|Resides : Rocks and glass|
|Consumes : Film Algae, Diatoms, Hair Algae, and some species of Cyanobacteria|
|Max Size : .6" or 15mm|
|Origin : Caribbean|
|Warnings : May have trouble righting itself the first time it is introduced|
The Button Snail (Modulus modulus) is a small snail that can grow to just under the diameter of a dime. These snails will consume diatoms, some species of cyanobacteria, fine textured hair algae and film algae on macroalgae, glass, and rocks in your aquarium. They have about a one year life span. When distressed they release a chemical that warns other Button Snails that there is danger in the area, usually a predatory snail. In response the snails change direction and move away from the distressed snail.
Caribbean species naturally expire in late Winter or early Spring. In the wild they spend their time cleaning seagrass, and will do a good job cleaning macroalgae in your saltwater planted tank, or the rocks and glass in your reef aquarium. They spend little time on the sand, and are as active in the day as they are at night. Modulus is the only genus in the family Modulidae. Despite their appearance and behavior, they are more closely related to Cerith snails than Trochus or Astraea Snails, and are in the Super Family Cerithioidea.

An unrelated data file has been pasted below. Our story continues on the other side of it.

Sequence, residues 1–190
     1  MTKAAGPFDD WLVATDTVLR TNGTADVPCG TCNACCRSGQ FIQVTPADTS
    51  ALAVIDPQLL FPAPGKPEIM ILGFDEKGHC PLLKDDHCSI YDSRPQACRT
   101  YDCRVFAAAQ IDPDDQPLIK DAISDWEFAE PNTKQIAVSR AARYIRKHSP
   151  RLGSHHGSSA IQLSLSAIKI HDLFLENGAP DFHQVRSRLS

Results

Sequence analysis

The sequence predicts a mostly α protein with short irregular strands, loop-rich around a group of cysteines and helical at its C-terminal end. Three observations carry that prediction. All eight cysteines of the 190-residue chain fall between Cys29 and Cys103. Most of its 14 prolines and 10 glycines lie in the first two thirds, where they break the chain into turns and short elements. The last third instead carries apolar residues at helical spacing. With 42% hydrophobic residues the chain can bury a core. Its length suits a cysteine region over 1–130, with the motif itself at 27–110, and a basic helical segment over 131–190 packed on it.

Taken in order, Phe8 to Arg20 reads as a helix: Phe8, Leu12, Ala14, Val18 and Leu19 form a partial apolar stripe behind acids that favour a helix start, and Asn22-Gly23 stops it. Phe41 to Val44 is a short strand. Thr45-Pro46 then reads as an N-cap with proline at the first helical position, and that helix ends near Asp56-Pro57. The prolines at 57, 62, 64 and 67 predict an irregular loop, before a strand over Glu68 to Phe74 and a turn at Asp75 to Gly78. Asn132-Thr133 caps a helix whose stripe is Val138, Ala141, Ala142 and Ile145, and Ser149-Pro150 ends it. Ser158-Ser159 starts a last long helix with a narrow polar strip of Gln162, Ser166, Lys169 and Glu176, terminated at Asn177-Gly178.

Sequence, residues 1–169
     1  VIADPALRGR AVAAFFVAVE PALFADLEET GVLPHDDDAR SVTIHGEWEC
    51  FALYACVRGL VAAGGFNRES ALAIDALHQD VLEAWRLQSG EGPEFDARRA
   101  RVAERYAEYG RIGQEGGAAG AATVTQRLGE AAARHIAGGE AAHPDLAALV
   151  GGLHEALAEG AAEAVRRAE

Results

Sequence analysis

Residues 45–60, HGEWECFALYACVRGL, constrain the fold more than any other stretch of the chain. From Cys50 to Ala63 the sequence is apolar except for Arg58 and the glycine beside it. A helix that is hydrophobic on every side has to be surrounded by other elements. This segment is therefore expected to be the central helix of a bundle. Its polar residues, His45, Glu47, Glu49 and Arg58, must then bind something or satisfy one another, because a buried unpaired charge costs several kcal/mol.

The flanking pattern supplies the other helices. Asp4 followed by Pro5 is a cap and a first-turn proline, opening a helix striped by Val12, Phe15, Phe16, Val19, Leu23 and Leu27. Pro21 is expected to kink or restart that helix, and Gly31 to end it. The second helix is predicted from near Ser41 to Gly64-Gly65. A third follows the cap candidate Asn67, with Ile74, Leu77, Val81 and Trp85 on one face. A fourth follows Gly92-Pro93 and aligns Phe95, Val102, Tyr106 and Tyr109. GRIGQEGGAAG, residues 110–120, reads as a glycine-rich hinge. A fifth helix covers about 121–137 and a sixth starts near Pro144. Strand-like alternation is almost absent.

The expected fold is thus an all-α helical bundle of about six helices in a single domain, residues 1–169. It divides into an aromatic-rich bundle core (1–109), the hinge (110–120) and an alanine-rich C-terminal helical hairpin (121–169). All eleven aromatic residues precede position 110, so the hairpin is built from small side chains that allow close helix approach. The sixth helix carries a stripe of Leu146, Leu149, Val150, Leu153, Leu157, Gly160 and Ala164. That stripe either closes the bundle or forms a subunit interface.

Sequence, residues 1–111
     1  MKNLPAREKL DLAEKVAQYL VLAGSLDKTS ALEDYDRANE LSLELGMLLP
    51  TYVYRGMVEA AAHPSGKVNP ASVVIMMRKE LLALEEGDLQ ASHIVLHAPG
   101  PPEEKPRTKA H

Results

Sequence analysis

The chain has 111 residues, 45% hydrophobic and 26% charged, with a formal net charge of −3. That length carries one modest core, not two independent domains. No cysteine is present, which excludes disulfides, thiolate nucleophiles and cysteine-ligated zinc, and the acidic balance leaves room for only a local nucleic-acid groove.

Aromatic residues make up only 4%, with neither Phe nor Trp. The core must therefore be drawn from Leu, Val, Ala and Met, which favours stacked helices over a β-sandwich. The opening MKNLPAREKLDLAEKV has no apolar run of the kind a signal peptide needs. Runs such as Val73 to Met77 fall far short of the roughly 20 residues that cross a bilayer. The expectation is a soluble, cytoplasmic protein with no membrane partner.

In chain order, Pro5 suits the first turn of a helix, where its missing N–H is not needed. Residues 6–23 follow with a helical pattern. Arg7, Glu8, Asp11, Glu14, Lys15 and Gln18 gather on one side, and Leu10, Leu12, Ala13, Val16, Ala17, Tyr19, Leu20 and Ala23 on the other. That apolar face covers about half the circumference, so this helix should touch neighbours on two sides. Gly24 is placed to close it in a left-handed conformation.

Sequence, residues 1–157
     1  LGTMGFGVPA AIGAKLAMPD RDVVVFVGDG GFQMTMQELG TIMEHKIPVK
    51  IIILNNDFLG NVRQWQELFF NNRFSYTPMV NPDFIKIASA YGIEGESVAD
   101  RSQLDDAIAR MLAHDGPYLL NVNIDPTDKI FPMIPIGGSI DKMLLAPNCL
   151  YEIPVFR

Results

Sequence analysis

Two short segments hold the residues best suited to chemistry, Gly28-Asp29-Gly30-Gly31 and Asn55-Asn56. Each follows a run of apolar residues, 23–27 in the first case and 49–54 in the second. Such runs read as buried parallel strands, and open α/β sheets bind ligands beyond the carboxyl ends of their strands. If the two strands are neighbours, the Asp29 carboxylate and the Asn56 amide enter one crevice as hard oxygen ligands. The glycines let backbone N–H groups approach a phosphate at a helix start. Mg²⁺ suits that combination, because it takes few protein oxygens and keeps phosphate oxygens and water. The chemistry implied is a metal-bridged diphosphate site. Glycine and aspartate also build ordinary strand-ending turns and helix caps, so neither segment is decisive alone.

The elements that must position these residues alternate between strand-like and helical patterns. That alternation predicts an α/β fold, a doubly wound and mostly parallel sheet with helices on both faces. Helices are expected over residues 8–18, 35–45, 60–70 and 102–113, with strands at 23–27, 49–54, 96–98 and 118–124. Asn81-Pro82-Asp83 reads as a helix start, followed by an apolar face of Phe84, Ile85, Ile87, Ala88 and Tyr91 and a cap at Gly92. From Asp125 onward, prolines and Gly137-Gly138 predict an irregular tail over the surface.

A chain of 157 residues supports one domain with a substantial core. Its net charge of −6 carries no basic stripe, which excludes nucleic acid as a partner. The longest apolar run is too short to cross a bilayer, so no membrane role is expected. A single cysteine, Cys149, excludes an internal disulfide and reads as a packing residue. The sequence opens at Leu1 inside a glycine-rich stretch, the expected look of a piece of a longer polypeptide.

This species is smallest when purchased in late Spring, and largest when purchased in early winter but near the end of their life. This species lays eggs that give birth to live young starting in February, and can reproduce in captivity. New young usually hatch on a rolling basis through May. Adults perish within a relatively short time after breeding. Button Snails can handle a lower salinity than most of the snails we carry, down to 1.015 long term without apparent consequence, as well as full salinity.